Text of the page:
1) In women’s pro basketball, as of 2012, the annual WNBA team salary total was $900,000 with a cap of $101,000 for any individual player. By contrast, in the men’s NBA, the Los Angeles Lakers annual team pay total was $100 million, with Kobe Bryant (yes, of sexual harassment fame) earning $27 million. That’s 270 times more than any female player, and twice as much as all the women in the entire WNBA league of twelve teams combined. The Houston Rockets had the lowest total team salary in the league, and their bottom-rung player made $473,000. That’s nearly 5 times what the best highest-paid WNBA stars were paid, playing the same sport!

    2) In golf in 1998, LPGA superstar Annika Sorenstam’s winnings – on the strength of 4 victories and being named Player of The Year – would have placed her 24th on the PGA (men’s) earnings list. More recently, Annika wryly noted making one-seventh of Tiger Woods’ prize money, despite her equal or better tournament records.

    3) In tennis, Maria Sharapova—on top for 9 incredible years—made $29 million from June 2012-2013. Tennis has by far the highest and near-parity pay scale for women than any other sport, yet Tiger and a host of top NFL, NBA, NHL and baseball players pulled in 2–3 times as many millions as Maria.

    A big part of the problem is that sports media and advertising is a multi-billion dollar business, and male values dominate. In a world that prizes fast, rough and tough action, women in sports are less valued, and viewer interest is less encouraged, no matter the athlete’s level of excellence. Combined with the sexist predilection to objectify and disempower women, our society’s mindset and media just aren’t so interested in rewarding the strength, independence and achievements of female athletes.

    In a thoughtful 2013 article entitled “Female Athletes Still Face Inequality,” writer Ana Rodriguez suggests: “Society doesn’t like to see women in roles that go against the norm of what a woman ‘should be’…sexy, highly feminine, passive, graceful and weak. Nowhere does the word ‘athletic’ appear on that list…The idea of a strong, fast, powerful woman leaves many feeling uncomfortable because it isn’t seen as an attractive or traditional characteristic.” She goes on to examine the double standard for pro women athletes, who need to excel not only in their sport, but also be pretty, photogenic, and dress and look right. Sex appeal often trumps talent in determining their success and earning power. Concludes Rodriguez: “It’s high time that a woman proves she’s an amazing athlete by her moves on the field and not her poses in front of a camera. I hope to see the day where the phrase ‘you play like a girl’ is no longer an insult but a compliment.”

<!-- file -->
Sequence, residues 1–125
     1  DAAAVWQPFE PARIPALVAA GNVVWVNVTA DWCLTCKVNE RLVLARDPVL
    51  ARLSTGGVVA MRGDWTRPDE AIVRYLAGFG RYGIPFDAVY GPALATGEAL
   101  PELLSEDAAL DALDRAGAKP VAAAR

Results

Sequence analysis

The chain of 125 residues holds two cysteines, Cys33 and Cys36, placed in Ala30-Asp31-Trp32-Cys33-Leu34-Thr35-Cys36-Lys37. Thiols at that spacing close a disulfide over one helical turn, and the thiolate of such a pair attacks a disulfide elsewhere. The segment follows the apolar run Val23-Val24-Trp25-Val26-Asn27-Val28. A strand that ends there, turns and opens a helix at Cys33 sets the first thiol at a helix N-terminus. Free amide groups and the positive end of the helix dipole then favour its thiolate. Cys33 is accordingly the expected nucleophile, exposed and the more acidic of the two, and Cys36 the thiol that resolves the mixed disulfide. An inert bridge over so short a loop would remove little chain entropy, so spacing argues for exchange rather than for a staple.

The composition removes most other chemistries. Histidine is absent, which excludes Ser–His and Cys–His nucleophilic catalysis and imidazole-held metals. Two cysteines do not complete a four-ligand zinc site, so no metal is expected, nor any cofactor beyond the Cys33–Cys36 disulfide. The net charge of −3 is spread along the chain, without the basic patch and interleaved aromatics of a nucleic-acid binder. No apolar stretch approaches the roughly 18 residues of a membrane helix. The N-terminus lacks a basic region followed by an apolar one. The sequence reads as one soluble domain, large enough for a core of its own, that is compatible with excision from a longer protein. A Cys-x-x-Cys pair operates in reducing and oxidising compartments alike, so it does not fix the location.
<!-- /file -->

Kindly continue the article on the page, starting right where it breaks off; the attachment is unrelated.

While we’re in an Olympic year, I thought I’d Google ‘role of women ancient Greek Olympics.’ Take a few minutes yourself, as much interesting information comes up. For starters:

    1) Women were second-class citizens, like slaves and foreigners, with limited rights.

    2) Sex segregation prevailed in Greek sports and female athletes existed, but they weren’t allowed to compete in the Olympiad, not even separately alongside men.

    2) Married women were legally barred from the ancient Games, but virgins and prostitutes were allowed in to spectate.

    3) Women were originally the prizes in chariot races.

    4) The Games were played for honor, and it would have been a disgrace for a man to be defeated by a woman.

    5) Male Olympians competed naked. One legend tells of a son from a feted athletic family, whose mother disguised herself to be at the games as his trainer. And, from that time on, trainers, as well as athletes, had to be naked to insure that they were indeed males!

    Ancient Greek women did run, swim, wrestle, ride horses, drive chariots, and play ball games. By the 6th century, women had their own elite competitions known as the Heraean, and were required to wear special clothing. Although the Olympic Games were revived in 1896, little has been heard, or made of, the Heraean Games. Despite the increasing participation of elite female athletes, it took until 1981 for a woman to gain a seat on the International Olympic Committee (IOC).

    The truth is, fitness is for all humans, and athletics is no place for discrimination! Play and work ought to be equally available for young girls and women, while careers in sports must be equally compensated across the board. Everyone deserves to love their body, and to enjoy physical activity and athletic opportunity. It’s each person’s responsibility to take good care of his or her embodied self and body-mind spirit systems. Let’s be sure life here on earth is everyone’s playground, and that we’re all in the game!

    Women Golfers! Join Jamie and the Horizons Foundation at the 5th Annual LGBT Golf Fore Good Tournament on Friday, June 13th at Chardonnay Golf Club in Napa Valley. Call 760-492-4653 or 415-398-2333 x115 for info/registration. For more information about Jamie Leno Zimron and her work, please visit